What are people saying about The Pathway to Love:

“Insightful, practical, heartfully and psychologically sound, The Pathway to Love provides the steppingstones to creating genuine love in your life.  It is a must-read for those who value honesty, authentic commitment to self and other, and appreciate relationship as a vehicle to self-actualization.”

—Michael Bernard Beckwith, author of Spiritual Liberation~Fulfilling Your Soul’s Potential

 

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You will wonder at times how she knew about you and a particular significant other because she seems to describe you and the relationship to a T. And, when you read the last page you will wish you had read it years and a number of relationships earlier.

Irene Conlan

I have read other books on this topic which spoke to me... This book, which I got in the Kindle version, pulled it all together for me--the biology, personal values, self identity, the human quest for belonging and intimacy. The book... brought to me great understanding. I wish I had ordered the paper version with the workbook. I ended up going back and ordering it.

Paula Markgraf Katz

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Entries in sex (3)

Thursday
Mar312016

Let’s Talk About Sex

Sexual intimacy is an important aspect of a romantic committed relationship. And yes, for the most of us, the intensity and lust in a long-term relationship fluctuates over time. That doesn’t mean in only has a downward spiral—it means that how a couple experiences and creates their sexual intimacy will shift in all directions throughout the lifetime of the relationship. This is based on a number of factors including

  •          Familiarity
  •          Trust
  •          Boredom in the bedroom
  •          Health status
  •          Stress level
  •          Children – newborns, teenagers, empty nestees
  •          Age
  •          Relationship issues, including levels of conflict and connection
  •          Hormone levels and sex drive
  •          Prioritizing sexual connection and intimacy
  •          Work demands and work fulfillment
  •          Fatigue
  •          Fitness
  •          Sexual experimentation
  •          Comfort with one’s body and sexuality
  •          Openness in communicating needs and desires
  •          Desire to please one’s partner
  •          Making sex playful and fun
  •          Major life events and changes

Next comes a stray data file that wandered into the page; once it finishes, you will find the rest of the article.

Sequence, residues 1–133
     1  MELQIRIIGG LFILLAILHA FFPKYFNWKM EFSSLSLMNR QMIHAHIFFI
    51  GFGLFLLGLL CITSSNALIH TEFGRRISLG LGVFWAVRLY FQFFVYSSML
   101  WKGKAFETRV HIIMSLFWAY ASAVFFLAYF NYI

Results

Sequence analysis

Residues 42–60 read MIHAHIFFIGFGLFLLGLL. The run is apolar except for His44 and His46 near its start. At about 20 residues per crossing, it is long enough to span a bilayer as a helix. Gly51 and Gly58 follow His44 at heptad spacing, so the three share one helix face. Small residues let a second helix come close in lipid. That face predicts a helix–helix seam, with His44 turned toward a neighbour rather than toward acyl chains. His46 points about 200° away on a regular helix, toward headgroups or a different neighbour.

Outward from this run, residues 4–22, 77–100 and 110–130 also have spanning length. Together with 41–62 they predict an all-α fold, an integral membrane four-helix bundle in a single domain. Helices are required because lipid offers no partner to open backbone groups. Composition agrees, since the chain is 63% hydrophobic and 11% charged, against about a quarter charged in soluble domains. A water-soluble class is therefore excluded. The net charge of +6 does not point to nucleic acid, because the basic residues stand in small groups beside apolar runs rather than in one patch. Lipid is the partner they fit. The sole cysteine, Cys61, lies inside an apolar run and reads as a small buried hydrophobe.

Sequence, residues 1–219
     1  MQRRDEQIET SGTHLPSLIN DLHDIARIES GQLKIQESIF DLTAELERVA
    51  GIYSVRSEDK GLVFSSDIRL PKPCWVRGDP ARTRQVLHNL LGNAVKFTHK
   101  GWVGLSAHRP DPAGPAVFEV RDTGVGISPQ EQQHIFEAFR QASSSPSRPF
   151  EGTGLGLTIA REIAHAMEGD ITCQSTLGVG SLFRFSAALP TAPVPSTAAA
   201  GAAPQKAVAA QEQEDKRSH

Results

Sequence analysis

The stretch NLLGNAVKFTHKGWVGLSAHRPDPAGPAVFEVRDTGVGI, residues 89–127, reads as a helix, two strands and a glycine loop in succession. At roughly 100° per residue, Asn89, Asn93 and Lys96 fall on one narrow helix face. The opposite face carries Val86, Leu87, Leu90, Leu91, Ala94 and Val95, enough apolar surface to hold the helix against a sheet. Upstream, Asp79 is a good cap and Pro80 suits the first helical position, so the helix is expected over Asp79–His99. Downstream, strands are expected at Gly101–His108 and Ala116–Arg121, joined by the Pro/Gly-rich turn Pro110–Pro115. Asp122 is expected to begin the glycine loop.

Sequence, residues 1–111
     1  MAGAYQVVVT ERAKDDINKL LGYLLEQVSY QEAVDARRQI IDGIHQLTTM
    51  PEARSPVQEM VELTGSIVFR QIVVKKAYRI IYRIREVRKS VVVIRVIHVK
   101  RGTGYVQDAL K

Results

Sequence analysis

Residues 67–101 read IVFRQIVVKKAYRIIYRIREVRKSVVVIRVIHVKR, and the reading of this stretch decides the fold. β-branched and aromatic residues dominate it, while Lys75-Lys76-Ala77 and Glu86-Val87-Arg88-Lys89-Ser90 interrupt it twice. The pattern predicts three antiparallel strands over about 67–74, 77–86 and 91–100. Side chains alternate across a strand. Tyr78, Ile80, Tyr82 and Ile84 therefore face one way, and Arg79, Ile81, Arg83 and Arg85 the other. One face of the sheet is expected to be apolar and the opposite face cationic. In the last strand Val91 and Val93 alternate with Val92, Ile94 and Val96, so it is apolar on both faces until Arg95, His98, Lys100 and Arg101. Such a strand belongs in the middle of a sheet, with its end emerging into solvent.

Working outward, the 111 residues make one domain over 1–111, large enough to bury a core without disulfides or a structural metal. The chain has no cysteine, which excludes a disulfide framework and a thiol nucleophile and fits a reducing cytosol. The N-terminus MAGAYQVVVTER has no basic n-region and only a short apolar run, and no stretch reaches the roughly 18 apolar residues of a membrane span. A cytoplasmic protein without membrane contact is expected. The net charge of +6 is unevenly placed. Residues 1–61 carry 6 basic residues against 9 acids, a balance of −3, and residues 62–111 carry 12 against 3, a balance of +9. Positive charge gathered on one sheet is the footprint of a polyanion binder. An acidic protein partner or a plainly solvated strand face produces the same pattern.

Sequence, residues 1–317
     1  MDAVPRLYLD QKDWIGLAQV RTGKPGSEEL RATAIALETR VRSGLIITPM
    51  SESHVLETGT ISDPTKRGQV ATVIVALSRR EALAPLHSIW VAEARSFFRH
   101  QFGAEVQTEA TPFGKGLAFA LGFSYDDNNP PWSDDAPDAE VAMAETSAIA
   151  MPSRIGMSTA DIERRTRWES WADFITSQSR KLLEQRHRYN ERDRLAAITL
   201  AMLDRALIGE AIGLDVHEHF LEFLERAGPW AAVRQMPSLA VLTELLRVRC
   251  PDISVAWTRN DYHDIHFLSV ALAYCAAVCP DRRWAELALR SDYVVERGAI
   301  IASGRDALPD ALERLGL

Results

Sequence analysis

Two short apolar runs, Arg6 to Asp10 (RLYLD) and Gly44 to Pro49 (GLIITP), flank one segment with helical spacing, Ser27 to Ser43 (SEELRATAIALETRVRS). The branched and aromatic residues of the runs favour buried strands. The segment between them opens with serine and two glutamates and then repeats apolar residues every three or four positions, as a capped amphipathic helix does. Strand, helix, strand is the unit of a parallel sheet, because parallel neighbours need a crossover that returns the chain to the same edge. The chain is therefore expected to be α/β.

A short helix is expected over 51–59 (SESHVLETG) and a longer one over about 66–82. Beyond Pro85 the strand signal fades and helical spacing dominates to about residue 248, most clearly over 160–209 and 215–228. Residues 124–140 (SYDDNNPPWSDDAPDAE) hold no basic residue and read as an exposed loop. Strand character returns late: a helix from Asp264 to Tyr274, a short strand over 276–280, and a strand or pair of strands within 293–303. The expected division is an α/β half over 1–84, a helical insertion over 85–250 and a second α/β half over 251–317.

As you can see from the list above, human sexuality and sexual intimacy in relationships is quite complex. Couples need to attend to their sexual relationship with the same intentionality that they do in other areas (e.g., finances, raising children, resolving issues, life changes, extended family, etc.).

Here are some things to consider if you feel your sex life and sexual intimacy is not where you’d like it be.

  1. Communicate – keep the lines of communication open in regards to how you are feeling about your sex life and what, if anything, would you like to be different. Your partner can’t work on pleasing you if he/she does not know how you are feeling and what would make things better.

  2. Accept – there may be differences between your and your partner’s needs when it comes to sex. There is no right or wrong in how often you have sex or how you like it. It is important to respect and accept your differences without making anyone wrong. Find a way to navigate the differences so each partner can get some, if not all of their needs met. Stretch your comfort zone, accommodate your partner’s needs, and find ways to make sex safe, playful and meaningful for both of you.

  3. Connect – it is important to maintain intimacy and connection regardless of how that is accomplished. Sex is only one way to create connection. If someone is dealing with a lot of stress or an illness or you just had your first baby, give yourselves a break and take the pressure off the bedroom. Holding hands, cuddling and listening to each other may be the best way to connect for the time being.